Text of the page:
Toi Patterson worked for Cushman & Wakefield for nine years as an administrative assistant and then senior administrator before she was fired for requesting a medical leave under the Family Medical Leave Act. Ms. Patterson had been diagnosed with breast cancer and asked for a reasonable accommodation to work part time while she underwent treatment. The Equal Employment Opportunity Commission (“EEOC”) charged that Ms. Patterson was fired by Cushman & Wakefield because of her disability rather than allow her to work part time or allow another reasonable accommodation be made to keep her employed.
Under the Americans with Disabilities Act (“ADA”), employers are required to provide reasonable accommodations to employees with disabilities, including unpaid leave or modifying the disabled employee’s work schedule, as long as doing so would not be a hardship for the company.
Cushman & Wakefield, a real estate services firm with a global profile, employs over 43,000 people and has revenues of $5 billion. The firm has now settled with Ms. Patterson and will pay her $100,000 in restitution.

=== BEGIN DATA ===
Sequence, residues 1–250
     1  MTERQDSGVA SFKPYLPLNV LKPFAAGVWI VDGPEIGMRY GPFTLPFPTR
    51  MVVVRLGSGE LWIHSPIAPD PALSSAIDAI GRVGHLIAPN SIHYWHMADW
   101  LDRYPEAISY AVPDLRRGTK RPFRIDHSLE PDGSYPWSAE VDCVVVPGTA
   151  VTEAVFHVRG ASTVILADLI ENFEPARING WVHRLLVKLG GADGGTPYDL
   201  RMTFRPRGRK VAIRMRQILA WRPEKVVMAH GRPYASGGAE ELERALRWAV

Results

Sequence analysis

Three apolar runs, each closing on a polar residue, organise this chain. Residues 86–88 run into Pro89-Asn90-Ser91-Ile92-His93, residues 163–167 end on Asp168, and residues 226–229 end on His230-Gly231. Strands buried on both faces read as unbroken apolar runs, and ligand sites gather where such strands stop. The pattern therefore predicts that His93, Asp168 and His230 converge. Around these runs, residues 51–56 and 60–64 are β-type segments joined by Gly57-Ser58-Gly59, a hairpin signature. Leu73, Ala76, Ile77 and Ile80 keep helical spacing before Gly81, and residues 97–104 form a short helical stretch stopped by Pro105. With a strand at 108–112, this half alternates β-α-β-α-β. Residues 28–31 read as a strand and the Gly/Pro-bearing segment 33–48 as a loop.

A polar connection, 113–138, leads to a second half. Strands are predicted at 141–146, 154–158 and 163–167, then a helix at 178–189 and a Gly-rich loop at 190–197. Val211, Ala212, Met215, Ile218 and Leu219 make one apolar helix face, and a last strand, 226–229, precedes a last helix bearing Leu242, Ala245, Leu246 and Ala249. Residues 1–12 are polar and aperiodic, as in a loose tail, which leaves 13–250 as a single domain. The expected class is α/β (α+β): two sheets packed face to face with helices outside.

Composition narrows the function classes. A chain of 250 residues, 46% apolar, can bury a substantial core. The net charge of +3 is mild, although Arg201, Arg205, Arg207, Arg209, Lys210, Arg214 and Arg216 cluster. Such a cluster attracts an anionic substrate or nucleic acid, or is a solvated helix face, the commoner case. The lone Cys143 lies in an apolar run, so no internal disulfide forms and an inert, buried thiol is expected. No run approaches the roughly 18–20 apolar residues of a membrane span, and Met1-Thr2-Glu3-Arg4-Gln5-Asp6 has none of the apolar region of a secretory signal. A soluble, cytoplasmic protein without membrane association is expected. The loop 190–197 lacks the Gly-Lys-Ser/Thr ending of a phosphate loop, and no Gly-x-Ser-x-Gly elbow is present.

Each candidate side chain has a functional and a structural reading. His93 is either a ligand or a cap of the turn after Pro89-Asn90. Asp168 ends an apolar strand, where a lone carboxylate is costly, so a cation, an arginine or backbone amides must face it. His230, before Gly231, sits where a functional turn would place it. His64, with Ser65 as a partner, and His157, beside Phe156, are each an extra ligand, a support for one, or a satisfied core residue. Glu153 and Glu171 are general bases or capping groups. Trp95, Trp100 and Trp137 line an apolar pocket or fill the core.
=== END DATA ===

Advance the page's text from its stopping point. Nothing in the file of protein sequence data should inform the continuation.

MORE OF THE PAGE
As part of the settlement, Cushman & Wakefield must also comply with five additional terms: 1) the firm cannot violate the ADA again; 2) the firm must revise and distribute a reasonable accommodations policy to all employees; 3) the firm must provide annual training on the ADA to all supervisors, managers, and human resources employees; 4) the firm must notify all newly hired employees of the existence of the reasonable accommodations policy and the ADA, including examples of reasonable accommodations; and 5) the firm must report to the EEOC on its handling of complaints of disability discrimination.